Central banks from Scandinavia to the U.K. to New Zealand are sounding the alarm about soaring mortgage debt and trying to curb risky lending. In Australia, where borrowing is surging, regulators are just watching.
Australian household debt is at a 25-year high, according to statistics bureau figures, and a government inquiry this month found housing to be a significant source of risk to the financial system. The average mortgage is at least four times household income in almost 80 percent of the country, research by Digital Finance Analytics shows.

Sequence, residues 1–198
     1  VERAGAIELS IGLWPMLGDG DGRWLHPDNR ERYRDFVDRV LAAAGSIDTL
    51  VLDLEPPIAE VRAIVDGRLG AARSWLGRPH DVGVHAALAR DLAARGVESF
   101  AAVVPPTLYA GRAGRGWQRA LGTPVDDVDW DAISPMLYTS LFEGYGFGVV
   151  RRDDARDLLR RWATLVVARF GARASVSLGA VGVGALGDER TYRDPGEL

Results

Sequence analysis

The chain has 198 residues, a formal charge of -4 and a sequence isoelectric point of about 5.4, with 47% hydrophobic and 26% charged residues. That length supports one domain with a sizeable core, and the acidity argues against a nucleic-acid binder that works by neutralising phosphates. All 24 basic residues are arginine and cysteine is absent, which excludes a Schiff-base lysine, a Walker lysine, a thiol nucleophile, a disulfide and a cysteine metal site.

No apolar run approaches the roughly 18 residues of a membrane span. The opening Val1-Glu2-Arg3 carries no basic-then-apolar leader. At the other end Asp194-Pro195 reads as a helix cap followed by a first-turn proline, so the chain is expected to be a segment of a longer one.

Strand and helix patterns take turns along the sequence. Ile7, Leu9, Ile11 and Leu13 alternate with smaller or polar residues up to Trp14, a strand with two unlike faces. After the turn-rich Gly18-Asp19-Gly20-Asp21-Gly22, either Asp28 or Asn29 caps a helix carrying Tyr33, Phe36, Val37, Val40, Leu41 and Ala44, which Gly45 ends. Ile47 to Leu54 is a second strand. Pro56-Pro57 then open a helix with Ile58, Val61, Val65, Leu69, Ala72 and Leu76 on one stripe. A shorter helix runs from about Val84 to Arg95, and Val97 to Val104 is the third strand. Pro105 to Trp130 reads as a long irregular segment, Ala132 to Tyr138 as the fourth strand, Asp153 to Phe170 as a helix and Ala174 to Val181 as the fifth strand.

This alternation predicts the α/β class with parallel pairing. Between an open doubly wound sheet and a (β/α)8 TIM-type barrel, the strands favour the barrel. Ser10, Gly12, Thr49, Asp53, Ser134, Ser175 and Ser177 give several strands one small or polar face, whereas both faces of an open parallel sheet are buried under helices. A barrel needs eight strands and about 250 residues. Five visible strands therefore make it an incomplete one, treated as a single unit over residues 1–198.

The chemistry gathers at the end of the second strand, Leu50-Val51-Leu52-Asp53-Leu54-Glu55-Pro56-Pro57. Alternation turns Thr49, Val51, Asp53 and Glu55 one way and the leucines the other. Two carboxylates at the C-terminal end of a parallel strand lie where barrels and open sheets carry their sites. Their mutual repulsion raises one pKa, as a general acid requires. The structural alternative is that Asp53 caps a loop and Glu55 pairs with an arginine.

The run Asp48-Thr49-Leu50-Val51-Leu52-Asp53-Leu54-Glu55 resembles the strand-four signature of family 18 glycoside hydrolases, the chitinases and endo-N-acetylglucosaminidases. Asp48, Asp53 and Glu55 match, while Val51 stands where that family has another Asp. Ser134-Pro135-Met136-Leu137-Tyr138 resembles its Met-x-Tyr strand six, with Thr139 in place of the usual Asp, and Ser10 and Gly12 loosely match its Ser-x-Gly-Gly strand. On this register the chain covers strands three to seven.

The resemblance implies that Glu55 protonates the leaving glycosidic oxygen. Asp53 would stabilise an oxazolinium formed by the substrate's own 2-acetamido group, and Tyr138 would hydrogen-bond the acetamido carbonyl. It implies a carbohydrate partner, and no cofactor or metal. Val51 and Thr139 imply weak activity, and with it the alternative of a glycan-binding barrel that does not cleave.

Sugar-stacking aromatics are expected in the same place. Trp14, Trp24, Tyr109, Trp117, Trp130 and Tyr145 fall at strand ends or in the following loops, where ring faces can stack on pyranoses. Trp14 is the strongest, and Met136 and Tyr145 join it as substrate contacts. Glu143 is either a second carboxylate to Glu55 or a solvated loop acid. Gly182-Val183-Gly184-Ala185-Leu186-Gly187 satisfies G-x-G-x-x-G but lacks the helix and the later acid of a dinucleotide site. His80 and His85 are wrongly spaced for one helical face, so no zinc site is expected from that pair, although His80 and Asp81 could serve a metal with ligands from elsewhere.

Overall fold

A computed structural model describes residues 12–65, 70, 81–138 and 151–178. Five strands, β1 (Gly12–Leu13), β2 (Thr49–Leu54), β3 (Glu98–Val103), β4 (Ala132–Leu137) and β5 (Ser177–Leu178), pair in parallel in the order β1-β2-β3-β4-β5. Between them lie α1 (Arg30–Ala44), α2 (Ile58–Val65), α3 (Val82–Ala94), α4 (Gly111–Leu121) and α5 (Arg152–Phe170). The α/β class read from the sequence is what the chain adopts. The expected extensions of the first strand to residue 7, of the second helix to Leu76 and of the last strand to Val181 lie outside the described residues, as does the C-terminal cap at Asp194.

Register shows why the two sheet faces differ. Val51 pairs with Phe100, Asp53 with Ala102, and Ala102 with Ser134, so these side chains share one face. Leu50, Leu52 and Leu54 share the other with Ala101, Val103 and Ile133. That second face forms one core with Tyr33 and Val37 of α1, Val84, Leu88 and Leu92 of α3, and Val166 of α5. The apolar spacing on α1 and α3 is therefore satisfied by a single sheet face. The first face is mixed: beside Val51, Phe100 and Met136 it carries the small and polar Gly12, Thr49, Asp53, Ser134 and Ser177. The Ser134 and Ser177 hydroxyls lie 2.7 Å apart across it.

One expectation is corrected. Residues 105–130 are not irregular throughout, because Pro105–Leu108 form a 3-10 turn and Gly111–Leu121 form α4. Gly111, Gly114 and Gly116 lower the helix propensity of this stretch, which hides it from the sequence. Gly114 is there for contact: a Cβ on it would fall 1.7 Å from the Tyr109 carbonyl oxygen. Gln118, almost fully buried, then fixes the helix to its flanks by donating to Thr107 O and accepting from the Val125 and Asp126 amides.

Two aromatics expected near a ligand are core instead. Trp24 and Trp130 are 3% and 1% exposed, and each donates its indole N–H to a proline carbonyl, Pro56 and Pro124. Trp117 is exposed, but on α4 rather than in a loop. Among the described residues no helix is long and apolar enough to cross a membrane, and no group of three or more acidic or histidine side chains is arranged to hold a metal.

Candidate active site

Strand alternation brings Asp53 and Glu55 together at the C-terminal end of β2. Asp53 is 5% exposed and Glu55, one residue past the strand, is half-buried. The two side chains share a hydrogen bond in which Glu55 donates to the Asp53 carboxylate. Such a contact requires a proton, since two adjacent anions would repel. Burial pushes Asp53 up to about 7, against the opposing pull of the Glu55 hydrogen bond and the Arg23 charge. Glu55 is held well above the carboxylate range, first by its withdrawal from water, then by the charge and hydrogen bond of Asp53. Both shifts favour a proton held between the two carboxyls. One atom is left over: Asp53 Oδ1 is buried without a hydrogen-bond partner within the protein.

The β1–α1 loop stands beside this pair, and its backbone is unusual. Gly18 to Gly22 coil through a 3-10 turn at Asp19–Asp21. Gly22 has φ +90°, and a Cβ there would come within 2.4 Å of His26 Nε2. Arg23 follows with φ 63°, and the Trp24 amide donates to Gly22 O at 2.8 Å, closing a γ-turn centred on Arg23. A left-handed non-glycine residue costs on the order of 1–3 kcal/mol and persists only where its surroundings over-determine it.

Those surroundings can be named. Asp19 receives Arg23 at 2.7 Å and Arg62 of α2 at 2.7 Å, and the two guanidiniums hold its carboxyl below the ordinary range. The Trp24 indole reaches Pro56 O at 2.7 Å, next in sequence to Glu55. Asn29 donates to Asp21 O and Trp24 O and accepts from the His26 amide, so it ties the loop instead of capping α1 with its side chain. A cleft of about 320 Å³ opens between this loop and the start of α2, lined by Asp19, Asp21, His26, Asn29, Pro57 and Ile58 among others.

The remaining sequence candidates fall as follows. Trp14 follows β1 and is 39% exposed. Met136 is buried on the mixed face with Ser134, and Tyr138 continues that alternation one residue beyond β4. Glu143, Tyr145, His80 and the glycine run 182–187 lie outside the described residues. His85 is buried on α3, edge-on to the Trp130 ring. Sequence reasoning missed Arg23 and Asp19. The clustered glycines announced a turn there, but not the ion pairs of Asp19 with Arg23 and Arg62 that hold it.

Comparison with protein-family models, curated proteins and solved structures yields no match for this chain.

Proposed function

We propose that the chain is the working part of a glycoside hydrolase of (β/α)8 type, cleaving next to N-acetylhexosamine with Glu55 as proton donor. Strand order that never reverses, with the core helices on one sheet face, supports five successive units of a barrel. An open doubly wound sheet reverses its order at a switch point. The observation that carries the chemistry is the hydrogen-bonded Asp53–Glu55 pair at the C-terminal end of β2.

While the U.K., Denmark and New Zealand introduce measures including loan limits, caps on interest-only mortgages and repayment tests, the Reserve Bank of Australia and the country’s banking regulator are holding their fire, saying risky loans haven’t increased significantly. The central bank also has said the price gains so far are spurring needed construction, easing housing shortages in some areas.
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